There are certain inventions (although they are technical) that have been purposely excluded from patentability.
Elements contrary to public order and decency
Article L611-17 CPI provides that:
Inventions whose commercial exploitation would be contrary to the dignity of the human person, public order or morality are not patentable, such annoyance not being able to result from the sole fact that such exploitation is prohibited by a legislative or regulatory provision .
An example may be the anti-personnel mine or a torture tool.
Such exclusion aims to protect the dignity of the human person and the fundamental values of society (INPI Examination Guidelines IC VII-2.2).
Criteria not necessarily involving exclusion
Nevertheless, it is not becauseone of the uses of the invention must be excluded that the invention must be completely excluded from patentability (the other uses being "acceptable", INPI Examination Guidelines IC VII-2.2): if the description refers to a use excluded from patentability, it will be possible to request its deletion (L612-12 CPI and R612-4 CPI 1 °).
For example, a method of breaking safes can be shocking if used by thieves, but acceptable if used by a locksmith.
Moreover, it is not because an invention is prohibited by a legislative or regulatory provision that it must be excluded from patentability (L611-17 CPI).
Plant varieties, animal breeds and essentially biological processes
Article L611-19 CPI I excludes from patentability:
- Animal breeds;
- Plant varieties;
- Essentially biological processes for obtaining plants and animals;
- Methods for modifying the genetic identity of animals that are likely to cause suffering without substantial medical benefit for humans or animals, and animals resulting from such processes
A plant variety is (L611-19 CPI I together Council Regulation (EC) No 2100/94 of 27 July 1994, art 5) a vegetal set of a only botanical taxon of the lowest known rank, who is :
- homogeneous (ie which can be defined by certain characters resulting from a certain genotype or combination of genotypes),
- separate (ie which can be distinguished from other plant groups by some characters), and
- stable (ie, which has an ability to be reproduced without change).
However, a given plant is patentable (eg genetically modified plant), knowing that the technical feasibility of the invention is not limited to a plant variety (eg the modification of the DNA can work for several varieties) (see INPI Examination Guidelines, IC VII-2.4.a andL611-19 CPI II).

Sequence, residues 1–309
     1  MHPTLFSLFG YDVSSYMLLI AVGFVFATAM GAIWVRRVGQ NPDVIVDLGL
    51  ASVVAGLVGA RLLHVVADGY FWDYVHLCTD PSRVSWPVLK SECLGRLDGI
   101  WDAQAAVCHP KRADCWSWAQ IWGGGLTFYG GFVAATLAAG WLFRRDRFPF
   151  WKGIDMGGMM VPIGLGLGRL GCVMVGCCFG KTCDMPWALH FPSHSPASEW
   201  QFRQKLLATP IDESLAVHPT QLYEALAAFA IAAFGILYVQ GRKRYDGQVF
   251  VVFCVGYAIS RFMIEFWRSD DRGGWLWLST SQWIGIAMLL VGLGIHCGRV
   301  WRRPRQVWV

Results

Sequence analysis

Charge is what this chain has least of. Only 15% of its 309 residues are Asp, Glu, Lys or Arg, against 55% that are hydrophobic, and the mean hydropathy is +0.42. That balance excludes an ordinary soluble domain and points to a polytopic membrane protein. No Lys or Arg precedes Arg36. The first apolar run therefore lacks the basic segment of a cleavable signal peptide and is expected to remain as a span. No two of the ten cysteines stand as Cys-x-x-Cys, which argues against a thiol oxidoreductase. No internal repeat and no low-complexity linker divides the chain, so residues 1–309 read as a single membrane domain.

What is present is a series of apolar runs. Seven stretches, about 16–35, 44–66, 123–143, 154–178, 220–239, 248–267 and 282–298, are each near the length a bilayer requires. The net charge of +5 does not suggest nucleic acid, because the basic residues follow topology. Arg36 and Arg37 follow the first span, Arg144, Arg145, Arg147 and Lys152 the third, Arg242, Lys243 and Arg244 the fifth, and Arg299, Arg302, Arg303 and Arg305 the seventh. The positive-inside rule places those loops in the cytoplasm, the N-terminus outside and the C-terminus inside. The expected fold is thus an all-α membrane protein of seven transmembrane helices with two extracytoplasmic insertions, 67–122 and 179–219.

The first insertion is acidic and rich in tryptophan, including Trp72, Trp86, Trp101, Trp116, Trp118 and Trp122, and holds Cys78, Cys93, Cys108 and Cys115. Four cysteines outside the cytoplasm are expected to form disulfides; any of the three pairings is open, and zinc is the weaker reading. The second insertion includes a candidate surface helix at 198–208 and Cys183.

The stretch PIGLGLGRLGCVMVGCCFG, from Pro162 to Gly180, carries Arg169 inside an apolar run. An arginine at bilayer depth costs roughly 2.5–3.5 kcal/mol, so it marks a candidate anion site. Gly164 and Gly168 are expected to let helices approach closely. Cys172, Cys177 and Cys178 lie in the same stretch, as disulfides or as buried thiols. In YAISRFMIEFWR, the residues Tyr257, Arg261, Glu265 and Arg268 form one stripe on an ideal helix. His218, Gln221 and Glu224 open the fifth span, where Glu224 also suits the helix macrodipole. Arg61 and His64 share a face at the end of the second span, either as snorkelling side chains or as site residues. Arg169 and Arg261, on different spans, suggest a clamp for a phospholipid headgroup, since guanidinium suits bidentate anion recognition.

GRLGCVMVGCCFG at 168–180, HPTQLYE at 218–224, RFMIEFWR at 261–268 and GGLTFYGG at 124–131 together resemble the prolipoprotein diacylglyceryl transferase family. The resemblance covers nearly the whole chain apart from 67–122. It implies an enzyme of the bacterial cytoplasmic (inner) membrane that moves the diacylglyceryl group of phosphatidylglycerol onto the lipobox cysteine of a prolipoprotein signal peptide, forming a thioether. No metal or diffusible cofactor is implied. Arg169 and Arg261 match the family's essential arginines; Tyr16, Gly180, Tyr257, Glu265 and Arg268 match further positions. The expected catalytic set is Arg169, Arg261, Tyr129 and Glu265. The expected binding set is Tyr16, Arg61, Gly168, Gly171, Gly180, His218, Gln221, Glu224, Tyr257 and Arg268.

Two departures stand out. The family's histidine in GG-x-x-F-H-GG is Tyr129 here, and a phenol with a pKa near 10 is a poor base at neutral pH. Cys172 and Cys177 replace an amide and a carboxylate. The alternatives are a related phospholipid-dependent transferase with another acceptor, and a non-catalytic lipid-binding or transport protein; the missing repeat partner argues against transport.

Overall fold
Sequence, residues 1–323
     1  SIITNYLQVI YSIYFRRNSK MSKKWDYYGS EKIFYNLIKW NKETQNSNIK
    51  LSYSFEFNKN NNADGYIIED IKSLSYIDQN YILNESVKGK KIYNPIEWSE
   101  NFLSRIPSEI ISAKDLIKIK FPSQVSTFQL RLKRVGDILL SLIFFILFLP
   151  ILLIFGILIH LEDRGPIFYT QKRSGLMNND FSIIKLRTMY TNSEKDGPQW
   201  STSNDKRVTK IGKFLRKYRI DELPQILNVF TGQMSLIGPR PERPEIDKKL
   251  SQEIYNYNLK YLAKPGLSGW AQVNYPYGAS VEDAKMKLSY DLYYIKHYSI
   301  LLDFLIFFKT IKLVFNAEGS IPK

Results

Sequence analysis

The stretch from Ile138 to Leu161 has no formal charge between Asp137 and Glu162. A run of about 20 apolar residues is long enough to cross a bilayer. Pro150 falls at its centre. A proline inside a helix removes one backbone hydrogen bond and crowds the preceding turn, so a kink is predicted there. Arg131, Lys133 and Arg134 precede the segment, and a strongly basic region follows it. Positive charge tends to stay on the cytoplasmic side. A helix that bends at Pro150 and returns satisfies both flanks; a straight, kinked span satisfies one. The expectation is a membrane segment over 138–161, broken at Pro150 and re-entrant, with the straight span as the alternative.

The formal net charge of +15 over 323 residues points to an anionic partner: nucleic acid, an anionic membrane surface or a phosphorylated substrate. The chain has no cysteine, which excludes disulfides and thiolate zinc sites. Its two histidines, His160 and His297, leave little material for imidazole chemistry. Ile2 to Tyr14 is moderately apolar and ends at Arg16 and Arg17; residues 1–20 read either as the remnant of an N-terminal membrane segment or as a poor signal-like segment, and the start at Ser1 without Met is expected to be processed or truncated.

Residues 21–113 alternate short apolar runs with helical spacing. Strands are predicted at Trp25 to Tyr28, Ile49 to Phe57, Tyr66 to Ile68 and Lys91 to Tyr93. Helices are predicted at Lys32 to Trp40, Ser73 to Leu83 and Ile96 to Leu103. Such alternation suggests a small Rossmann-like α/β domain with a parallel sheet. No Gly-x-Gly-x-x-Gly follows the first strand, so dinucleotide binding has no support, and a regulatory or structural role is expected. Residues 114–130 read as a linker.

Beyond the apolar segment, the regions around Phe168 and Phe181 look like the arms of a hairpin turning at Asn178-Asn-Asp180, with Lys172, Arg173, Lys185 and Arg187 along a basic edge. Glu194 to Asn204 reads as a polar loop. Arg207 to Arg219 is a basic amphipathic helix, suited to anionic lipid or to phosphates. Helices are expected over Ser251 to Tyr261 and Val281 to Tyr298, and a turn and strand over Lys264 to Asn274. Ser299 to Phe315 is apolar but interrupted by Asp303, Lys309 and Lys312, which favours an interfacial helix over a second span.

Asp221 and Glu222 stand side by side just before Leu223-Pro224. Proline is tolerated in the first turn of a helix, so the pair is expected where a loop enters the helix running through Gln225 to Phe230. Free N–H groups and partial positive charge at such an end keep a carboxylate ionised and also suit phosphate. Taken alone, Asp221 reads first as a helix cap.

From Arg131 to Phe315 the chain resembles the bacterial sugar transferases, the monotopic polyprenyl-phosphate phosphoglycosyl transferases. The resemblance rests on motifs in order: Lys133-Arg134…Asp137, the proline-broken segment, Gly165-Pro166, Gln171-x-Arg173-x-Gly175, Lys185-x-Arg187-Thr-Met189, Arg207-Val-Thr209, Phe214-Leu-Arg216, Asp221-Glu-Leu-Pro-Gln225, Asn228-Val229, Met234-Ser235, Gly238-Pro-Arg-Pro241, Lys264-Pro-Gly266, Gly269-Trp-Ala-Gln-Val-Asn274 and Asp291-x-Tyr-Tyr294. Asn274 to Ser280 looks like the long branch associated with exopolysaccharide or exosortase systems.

Reason for this exclusion
Plant varieties already have a special protection system: plant varieties defined by the UCOV Convention (see INPI Examination Guidelines, IC VII-2.4.a).
Varieties obtained directly by a process
If the patentability of a plant variety is excluded, one can wonder about the patentability of a process which directly makes it possible to obtain this plant variety.
We know that the product obtained directly by a patented process is also protected (L613-3 CPI c)). Thus, this trick would cleverly circumvent the exclusion of the patentability of plant varieties.
To my knowledge, the French courts have not yet taken a position on this thorny problem.
Unfortunately, there is no definition of "animal race" (INPI Examination Guidelines, IC VII-2.4.b) and it is therefore difficult to define the limits of this exclusion.
However, an animal (eg genetically modified animal) is patentable, knowing that the technical feasibility of the invention is not limited to an animal breed (eg the modification of the DNA can work for several breeds, eg a rodent, a mammal, etc., INPI Examination Guidelines, IC VII-2.4.b and L611-19 CPI II).
Essentially biological processes
An essentially biological process is (L611-19 CPI I) is a process that makes exclusively using natural phenomena such as crossing or selection ».
Thus, the methods of sexual crossing of complete genomes and selection of animals (eg horses (INPI Examination Guidelines, IC VII-2.4.c) or plants are excluded from patentability.
For example, a method of stimulating the reproduction of a plant is patentable (INPI Examination Guidelines, IC VII-2.4.c).
Products obtained by essentially biological processes
It is not forbidden to claim the products obtained by such processes (L611-19 CPI III).
Microbiological processes and products obtained by these processes not excluded
By " microbiological processes " , we hear (INPI Examination Guidelines, IC VII-2.4.c):
- industrial processes involving the use of a biological material,
- processes producing a biological material, for example by means of genetic engineering (ie GMO), or
- processes involving intervention on such a material
Biological material is all ' material that contains genetic information and can be reproduced or reproduced in a biological system »(L611-10 CPI, in fine).
Thus, the biological material can be, for example:
- the mushrooms,
- the seaweeds,
- human, animal and plant cells,